So, I curled up on the couch last night, armed with a bowl of popcorn and no particular expectations, and after browsing my to-watch queue, I decided to give the film “Mona Lisa Smile” a whirl. This flick, set in the post-war 1950s, turned out to be a bit like that one art class we’ve all had – you walk in thinking you know what’s going to happen, only to get your mind blown by a teacher who’s not about to stick to the syllabus.
Enter Julia Roberts, a.k.a. Katherine Watson, who is this free-spirited art history professor that walks into Wellesley College like a breath of fresh, feminist air. Her ideas are about as welcome as a bull in a china shop at first. Wellesley is this super conservative, all-women’s college where the scent of tradition hangs heavier than too much perfume in an elevator. But Katherine? She’s a professor with a fire in her belly to ignite minds rather than to simply polish up the next generation of perfect housewives. She’s not there to play by the rules; she’s there to rewrite them.
The movie has this killer cast, right? Julia Stiles, Kirsten Dunst, and Maggie Gyllenhaal are the students – each one a snapshot of the different paths women were navigating at the time. Julia Stiles’ Joan is the valedictorian caught between her law school dreams and the white-picket-fence life everyone expects her to lead. Kirsten Dunst’s Betty is the queen bee, ruling the roost and so dead set on getting that MRS degree she could probably teach the class herself. Then there’s Maggie Gyllenhaal’s Giselle, who is basically the poster girl for living her truth, no matter what society says.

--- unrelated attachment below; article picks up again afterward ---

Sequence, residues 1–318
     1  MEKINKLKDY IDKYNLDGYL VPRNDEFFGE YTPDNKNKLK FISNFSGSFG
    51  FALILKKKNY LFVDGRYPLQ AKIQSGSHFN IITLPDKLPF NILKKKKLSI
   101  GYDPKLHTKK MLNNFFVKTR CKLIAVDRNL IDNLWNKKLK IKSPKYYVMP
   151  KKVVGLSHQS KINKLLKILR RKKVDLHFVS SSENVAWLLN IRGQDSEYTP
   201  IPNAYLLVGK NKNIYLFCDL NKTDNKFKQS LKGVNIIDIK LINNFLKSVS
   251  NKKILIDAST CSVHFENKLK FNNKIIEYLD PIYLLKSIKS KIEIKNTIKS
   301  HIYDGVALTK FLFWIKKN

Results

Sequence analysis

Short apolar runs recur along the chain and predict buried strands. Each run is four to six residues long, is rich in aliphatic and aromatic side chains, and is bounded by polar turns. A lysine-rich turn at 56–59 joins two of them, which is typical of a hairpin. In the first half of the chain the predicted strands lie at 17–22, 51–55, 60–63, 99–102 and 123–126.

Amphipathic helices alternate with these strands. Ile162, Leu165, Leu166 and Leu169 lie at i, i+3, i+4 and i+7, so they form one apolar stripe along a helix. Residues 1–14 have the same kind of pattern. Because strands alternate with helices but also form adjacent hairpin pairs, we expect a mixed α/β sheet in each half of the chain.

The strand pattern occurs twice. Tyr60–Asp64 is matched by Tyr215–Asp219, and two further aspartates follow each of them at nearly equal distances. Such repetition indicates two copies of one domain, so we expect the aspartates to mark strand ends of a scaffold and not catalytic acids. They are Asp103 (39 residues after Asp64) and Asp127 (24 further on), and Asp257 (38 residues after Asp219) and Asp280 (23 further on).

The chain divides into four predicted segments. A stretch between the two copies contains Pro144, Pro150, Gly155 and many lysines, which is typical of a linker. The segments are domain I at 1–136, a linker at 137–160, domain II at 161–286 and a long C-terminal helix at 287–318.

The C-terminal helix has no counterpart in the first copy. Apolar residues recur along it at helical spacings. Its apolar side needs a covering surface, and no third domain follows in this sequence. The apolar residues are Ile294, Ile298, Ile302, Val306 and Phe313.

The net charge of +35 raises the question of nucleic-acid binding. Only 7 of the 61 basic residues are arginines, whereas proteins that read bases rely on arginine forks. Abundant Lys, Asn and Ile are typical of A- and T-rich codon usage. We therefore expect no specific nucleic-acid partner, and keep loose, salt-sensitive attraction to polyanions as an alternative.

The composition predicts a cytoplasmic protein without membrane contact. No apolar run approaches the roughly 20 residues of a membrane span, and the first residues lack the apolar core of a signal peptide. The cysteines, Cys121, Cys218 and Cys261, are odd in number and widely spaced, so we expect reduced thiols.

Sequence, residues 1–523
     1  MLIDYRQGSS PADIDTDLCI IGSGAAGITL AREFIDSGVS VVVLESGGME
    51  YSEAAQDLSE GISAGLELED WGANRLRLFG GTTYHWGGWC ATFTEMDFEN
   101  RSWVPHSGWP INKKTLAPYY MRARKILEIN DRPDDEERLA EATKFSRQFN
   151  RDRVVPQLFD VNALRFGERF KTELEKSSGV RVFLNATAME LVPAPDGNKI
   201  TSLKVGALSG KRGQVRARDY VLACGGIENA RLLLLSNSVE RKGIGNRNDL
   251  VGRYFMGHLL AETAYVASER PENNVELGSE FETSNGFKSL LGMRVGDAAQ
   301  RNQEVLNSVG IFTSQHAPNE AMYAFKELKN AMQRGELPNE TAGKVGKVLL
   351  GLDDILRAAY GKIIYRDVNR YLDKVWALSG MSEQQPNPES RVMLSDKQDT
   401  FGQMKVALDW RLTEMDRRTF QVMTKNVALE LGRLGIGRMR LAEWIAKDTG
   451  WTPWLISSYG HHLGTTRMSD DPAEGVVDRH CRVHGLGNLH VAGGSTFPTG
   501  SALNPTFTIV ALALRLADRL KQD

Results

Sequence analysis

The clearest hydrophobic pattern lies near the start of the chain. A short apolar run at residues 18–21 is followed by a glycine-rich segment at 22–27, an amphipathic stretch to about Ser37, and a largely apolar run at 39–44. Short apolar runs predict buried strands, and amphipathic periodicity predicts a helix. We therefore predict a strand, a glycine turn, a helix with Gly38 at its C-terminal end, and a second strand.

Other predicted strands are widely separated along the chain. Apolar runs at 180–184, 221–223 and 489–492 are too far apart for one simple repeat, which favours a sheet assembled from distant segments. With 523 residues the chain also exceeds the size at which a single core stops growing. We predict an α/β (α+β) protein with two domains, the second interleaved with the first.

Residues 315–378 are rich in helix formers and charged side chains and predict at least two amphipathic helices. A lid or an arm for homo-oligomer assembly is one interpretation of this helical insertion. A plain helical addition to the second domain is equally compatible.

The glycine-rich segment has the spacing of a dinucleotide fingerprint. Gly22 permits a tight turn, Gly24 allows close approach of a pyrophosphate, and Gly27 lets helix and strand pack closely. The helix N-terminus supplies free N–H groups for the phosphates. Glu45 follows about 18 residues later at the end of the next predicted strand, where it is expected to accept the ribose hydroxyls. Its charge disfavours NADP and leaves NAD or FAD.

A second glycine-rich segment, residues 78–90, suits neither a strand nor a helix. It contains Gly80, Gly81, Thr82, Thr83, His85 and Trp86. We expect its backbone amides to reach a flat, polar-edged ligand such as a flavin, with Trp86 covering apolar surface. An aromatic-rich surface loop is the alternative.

Now, the film’s not without its clichés. You’ve got the rebellious teacher, the students who are diamonds in the rough, and the inevitable clashes with the stiff-necked administration. But somehow, “Mona Lisa Smile” does it with enough panache that you’re willing to let the déjà vu slide.
The heart of the film, for me, is in its little rebellions. It’s in the way Katherine encourages these women to think for themselves, to look beyond the ‘either/or’ of career versus marriage that’s been laid out for them like the only two options on the menu. The art here? It’s not just about what’s on the canvas. It’s about painting the canvas of your life with bold strokes and colors that you choose.
Sure, “Mona Lisa Smile” marches to the beat of a 1950s soundtrack, but the tune is all about challenging what society expects versus what these women aspire to be. It’s about finding your own voice in a choir that’s singing a tune written years ago. And yeah, it might get a bit predictable – there’s the renegade teacher, the administration that’s got their knickers in a twist, and the students with untapped potential – but it’s the kind of familiar that feels like comfort food for the soul.
But don’t let me paint this as just a feel-good movie. It doesn’t shy away from the tough stuff. There are moments that’ll make you want to throw something at the screen, frustrations that feel all too real even decades after the time period it portrays. And that’s part of its charm. It makes you care, makes you angry, and leaves you with a couple of those ‘what would I do?’ moments.
The movie does wrap up a little too neatly, tying up complex issues with a pretty Hollywood bow. But, hey, sometimes you just need that neat ending, right?
In short, “Mona Lisa Smile” is like that one art piece that might not be a masterpiece to everyone, but it definitely makes you stop and think. It’s worth a watch, not just for the nostalgia of seeing all these familiar faces from the early 2000s, but for the reminder of how every generation has its trailblazers – and its own version of a Mona Lisa smile.
So, have you seen “Mona Lisa Smile“? What did you think? Did it make you want to grab a paintbrush, or did it leave you wishing for a little less predictability? Drop your thoughts in the comments – I’m all ears!
Until tomorrow, keep on smiling like Mona Lisa,